McNeal: There it is. Alright this is our Dashboard. And you can see, here’s our total enrollment (23,838). Here’s our dropout rate (0.14%). Our Special Ed students (9.83%). Our LEP students (4.13%). Our chronic tardiness (11.95%). Our daily attendance (96.75%). And our chronic absences (0.71%). So, and we also have our benchmark tests on here. And we can drill down, for example, to daily attendance. We can go from looking at just the school system. We can look at the daily attendance across each school. If you’re green, you’re good. If you’re orange, you’re not. So, uh we can look at attendance. And then from even there, we can go from the school to the teacher, to the classrooms. So, uh, and then, when I’m looking at an individual school, here I’m looking at Butler, I can see the, uh, ninth, tenth, and eleventh grades, I can see what their attendance is. I can see where the teachers’ attendance are. And I can even drill down further into the classrooms to see that.
But, I’m going to go and show you one of our benchmark tests that we’re going to be giving next week (October 14-18th). This is, when the students open up, their test will be assigned to them. But I’m just going to show you, um let’s see . . .
Wardynski: Fifth grade math?
McNeal: Fifth grade math when I find it. Here. Now their will say, “Hello, whatever their name is.” You will ask, they’ll, their test will look like this. It will have their name, “Hello, whoever their name is,” this is the test their going to be taking, and then it will, they’ll start the test. Also, these tests are scrambled so, everybody doesn’t have the same question at the same time. So question one for Johnny might be different for question one for Jannie. So when they start the test, they say, “what is the value,” they’ll read the question of this number and let’s say.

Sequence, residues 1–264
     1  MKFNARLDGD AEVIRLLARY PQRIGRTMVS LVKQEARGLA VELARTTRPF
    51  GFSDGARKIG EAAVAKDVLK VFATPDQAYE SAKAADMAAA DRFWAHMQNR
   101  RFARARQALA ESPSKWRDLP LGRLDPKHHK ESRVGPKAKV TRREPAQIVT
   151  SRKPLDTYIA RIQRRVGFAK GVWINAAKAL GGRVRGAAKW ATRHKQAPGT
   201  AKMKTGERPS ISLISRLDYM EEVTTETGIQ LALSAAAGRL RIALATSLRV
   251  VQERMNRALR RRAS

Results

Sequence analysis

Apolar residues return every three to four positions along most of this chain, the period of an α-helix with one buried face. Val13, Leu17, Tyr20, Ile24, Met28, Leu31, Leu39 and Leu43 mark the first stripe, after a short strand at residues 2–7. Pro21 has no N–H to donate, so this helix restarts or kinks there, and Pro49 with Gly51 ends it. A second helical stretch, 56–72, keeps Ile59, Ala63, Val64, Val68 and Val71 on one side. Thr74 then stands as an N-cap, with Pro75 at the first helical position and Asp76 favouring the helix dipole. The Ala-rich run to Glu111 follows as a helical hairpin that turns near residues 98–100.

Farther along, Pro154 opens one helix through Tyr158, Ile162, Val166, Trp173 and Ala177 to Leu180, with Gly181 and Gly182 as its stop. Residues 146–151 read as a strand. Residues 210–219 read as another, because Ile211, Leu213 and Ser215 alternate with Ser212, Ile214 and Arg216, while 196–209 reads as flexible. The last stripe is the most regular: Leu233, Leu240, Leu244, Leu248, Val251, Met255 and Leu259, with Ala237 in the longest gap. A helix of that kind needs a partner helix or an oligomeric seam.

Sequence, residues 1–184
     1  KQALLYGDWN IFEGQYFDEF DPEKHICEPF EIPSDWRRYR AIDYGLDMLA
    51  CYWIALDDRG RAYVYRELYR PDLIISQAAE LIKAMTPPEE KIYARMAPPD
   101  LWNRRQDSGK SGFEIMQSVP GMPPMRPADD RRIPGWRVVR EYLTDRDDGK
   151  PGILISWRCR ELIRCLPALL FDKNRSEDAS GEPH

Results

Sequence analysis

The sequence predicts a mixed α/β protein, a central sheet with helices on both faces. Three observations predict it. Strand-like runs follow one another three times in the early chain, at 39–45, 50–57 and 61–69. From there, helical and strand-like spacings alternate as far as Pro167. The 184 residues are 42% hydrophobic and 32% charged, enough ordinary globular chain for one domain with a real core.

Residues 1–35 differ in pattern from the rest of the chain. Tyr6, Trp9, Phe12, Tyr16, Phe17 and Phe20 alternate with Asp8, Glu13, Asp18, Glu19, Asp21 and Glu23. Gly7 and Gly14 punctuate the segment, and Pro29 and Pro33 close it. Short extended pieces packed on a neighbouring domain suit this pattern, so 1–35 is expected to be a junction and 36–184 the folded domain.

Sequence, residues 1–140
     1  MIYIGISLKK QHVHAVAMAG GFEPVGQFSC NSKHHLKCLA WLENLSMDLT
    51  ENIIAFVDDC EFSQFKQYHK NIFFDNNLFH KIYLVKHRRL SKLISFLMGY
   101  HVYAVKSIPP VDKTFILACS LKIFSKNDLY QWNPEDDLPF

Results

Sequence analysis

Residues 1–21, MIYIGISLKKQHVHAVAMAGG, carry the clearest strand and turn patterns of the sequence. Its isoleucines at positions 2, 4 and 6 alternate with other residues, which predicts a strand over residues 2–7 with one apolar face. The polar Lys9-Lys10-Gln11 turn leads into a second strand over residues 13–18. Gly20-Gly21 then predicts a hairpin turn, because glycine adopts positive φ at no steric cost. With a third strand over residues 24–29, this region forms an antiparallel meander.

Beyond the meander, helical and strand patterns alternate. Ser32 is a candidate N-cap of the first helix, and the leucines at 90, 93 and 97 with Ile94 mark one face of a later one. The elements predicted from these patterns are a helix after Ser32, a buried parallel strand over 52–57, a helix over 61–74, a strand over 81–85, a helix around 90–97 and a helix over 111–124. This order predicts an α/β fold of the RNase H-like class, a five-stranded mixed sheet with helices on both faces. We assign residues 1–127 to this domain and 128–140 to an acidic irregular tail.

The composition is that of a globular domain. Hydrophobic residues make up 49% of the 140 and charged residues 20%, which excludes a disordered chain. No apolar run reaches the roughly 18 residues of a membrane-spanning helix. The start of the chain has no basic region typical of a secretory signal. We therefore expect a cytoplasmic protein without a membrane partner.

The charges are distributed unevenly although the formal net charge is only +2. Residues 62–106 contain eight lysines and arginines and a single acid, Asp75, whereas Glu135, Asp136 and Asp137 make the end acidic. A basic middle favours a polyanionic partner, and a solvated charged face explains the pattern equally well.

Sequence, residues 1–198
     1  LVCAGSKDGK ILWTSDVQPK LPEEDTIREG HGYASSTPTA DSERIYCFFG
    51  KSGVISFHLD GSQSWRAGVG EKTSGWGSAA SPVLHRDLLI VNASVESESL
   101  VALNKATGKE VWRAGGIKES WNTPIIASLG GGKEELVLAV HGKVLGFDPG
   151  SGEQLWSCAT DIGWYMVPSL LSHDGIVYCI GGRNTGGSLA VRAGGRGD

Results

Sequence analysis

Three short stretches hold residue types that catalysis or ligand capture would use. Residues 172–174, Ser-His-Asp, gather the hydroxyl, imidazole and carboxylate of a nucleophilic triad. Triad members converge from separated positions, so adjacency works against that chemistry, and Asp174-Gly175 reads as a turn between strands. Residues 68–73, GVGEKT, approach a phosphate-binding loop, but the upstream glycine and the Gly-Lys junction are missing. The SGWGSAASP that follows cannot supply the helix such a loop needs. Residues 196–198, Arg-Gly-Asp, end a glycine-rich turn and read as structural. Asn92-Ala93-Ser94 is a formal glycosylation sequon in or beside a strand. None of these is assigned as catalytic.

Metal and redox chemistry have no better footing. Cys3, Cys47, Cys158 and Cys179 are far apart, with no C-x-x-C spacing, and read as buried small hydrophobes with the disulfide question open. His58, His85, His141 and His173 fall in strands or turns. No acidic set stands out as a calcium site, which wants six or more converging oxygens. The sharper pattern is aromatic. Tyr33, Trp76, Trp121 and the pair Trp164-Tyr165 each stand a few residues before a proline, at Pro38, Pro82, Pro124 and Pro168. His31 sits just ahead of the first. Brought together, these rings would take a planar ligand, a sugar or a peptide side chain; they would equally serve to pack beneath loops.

(She clicks on B. Several people tell her that is the incorrect answer).
McNeal: I’m not going to figure this out, so I’ll guess, and then you can go on to the next question.
(Yes, the director of assessment and accountablity for our district rather than solving the 5th grade math problem she is faced with chooses instead to guess incorrectly and move on. Funny, isn’t it? I wonder how often our students do the same exact thing? And yet, their performance is tied directly to teacher, principal and school evaluation. Laurie McCaulley can be heard laughing in the background.)
McNeal: So these questions, it doesn’t tell you if the answer’s right or wrong cause this is a benchmark test. But, what is important about this test is, is that every, for example, fifth grade math student across the system, will be taking the same test.